Every roof has a utilitarian role to play. They serve as a building’s first line of defense against the elements, shielding the rest of the structure from water infiltration. But some roofs are more architecturally significant than others. Take, for example, that of City College’s Spitzer School of Architecture, site of a recent SUPERSTRUCTURES project. Part of a 2009 renovation of the College’s former Cohen Library (built in the late 1950s), the Spitzer roof features a bright yellow-clad amphitheater used for programs in fair weather—a design element that has become a symbol of the school itself.
SUPERSTRUCTURES’ work on the Spitzer School’s roof comprises two phases: temporary repairs to arrest active water infiltration, and a subsequent restoration which will preserve the iconic form and color of the amphitheater. Through a series of probes on the roofing system and flashing and analysis of the roof’s design, SUPERSTRUCTURES’ investigation found sources of water infiltration related to the slope of the sheet metal cladding, the underlayment, and waterproofing transitions.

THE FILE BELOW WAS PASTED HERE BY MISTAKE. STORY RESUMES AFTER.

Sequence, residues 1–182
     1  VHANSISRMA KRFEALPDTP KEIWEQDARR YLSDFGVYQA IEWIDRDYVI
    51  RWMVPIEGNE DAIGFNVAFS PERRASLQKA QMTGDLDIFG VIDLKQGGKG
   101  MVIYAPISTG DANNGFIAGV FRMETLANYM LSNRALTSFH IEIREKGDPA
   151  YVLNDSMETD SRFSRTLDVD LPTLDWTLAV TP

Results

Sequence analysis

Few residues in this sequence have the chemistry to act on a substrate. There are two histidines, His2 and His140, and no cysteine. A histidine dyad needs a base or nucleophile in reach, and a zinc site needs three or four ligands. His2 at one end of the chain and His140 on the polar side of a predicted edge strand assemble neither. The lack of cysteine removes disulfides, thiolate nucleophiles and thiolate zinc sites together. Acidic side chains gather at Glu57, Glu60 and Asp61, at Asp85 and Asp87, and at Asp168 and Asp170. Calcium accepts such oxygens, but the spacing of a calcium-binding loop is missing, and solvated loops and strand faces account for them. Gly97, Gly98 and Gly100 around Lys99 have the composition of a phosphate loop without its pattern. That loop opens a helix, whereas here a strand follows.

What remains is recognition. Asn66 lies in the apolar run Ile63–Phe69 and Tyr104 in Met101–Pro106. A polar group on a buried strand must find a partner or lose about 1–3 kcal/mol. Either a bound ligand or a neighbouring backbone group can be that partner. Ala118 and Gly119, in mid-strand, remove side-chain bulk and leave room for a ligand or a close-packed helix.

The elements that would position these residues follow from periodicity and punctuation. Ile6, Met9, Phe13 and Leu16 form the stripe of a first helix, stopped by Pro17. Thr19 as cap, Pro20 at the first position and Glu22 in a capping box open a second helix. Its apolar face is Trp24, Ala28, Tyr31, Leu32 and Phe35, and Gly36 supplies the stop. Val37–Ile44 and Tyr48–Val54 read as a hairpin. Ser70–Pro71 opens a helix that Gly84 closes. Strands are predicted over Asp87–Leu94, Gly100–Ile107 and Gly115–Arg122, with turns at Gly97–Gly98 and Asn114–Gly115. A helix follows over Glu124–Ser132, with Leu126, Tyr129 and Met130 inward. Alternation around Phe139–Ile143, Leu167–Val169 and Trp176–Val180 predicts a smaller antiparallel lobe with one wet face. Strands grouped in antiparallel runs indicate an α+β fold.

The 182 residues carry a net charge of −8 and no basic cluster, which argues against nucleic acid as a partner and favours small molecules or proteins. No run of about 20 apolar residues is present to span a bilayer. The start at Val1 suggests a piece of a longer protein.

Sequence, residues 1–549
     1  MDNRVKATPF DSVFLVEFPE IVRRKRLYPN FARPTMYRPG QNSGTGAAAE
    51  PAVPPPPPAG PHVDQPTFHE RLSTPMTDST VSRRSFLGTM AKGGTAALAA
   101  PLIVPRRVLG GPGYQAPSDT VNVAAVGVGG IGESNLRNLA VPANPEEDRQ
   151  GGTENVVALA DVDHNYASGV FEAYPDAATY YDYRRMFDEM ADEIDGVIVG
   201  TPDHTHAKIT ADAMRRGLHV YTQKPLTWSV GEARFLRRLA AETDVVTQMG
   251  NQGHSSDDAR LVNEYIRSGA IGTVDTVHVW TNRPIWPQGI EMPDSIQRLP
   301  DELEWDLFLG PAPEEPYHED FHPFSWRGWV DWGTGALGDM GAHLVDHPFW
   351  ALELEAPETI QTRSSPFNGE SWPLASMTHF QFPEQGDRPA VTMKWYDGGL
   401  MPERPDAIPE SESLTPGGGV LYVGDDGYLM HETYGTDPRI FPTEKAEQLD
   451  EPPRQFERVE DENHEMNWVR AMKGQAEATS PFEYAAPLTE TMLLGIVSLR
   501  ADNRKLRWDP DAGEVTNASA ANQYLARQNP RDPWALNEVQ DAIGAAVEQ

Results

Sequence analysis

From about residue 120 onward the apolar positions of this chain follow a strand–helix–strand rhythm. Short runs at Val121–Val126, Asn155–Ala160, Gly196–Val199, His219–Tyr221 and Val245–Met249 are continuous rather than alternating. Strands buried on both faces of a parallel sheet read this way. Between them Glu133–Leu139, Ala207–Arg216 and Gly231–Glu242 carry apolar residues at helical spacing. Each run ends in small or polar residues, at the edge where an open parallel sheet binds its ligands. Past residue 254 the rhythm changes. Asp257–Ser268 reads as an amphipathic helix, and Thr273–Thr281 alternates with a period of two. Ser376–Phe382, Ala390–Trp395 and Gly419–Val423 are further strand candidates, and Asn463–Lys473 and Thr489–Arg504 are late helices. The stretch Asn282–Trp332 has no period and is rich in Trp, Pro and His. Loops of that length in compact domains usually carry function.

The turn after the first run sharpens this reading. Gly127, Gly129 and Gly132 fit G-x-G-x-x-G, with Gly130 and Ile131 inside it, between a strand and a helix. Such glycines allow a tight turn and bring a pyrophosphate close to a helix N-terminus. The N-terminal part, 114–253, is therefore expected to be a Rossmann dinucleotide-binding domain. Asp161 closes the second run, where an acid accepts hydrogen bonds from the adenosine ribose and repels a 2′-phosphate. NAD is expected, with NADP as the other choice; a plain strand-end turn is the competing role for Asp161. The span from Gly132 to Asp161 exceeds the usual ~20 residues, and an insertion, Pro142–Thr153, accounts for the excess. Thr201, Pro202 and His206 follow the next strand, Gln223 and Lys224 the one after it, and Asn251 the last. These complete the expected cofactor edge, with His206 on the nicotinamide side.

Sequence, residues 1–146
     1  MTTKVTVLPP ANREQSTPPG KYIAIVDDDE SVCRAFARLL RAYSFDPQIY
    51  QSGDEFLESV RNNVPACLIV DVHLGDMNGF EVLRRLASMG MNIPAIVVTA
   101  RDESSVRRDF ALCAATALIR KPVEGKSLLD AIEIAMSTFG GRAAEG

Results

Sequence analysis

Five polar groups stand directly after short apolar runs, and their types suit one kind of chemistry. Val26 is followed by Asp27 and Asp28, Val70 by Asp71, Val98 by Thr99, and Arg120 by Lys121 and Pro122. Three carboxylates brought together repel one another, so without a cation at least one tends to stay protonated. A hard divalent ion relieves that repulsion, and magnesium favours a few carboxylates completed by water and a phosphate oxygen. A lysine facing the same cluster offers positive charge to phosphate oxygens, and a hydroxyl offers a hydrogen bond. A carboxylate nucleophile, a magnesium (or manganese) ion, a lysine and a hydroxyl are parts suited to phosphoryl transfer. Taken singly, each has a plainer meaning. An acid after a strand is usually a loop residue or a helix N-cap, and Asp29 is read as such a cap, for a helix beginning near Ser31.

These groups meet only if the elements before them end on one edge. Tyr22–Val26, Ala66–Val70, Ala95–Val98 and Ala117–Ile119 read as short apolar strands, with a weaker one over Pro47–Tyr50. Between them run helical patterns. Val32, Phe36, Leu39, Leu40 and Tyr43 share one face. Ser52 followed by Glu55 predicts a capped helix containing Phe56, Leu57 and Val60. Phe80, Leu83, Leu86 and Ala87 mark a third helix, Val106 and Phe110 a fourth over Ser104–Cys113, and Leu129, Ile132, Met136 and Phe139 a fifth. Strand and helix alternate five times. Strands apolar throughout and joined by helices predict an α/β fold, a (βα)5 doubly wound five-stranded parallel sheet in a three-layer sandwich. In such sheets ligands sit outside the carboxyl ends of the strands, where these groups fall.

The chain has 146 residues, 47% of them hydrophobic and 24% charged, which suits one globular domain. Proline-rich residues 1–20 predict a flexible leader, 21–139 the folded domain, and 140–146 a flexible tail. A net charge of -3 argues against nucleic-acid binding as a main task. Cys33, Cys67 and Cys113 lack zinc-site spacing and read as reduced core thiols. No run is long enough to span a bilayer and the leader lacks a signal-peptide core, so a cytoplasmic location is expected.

Our interim repairs included removal of the existing amphitheater cladding and waterproofing and installation of a temporary layer of foil-faced, SBS modified bitumen waterproofing to protect the building until full replacement starts. Water-damaged sections of substrate board in the amphitheater were replaced in the process. This phase also included removal and replacement of some sections of the surrounding flat roofing system.
The replacement roofing system to fully refurbish the amphitheater in phase two is a liquid-applied membrane waterproofing covered by a metal rain-screen cladding system to fulfill the School’s priority of maintaining the 2009 design. With this approach, our work on the Spitzer School’s roof will address both essential waterproofing function and desired architectural form.
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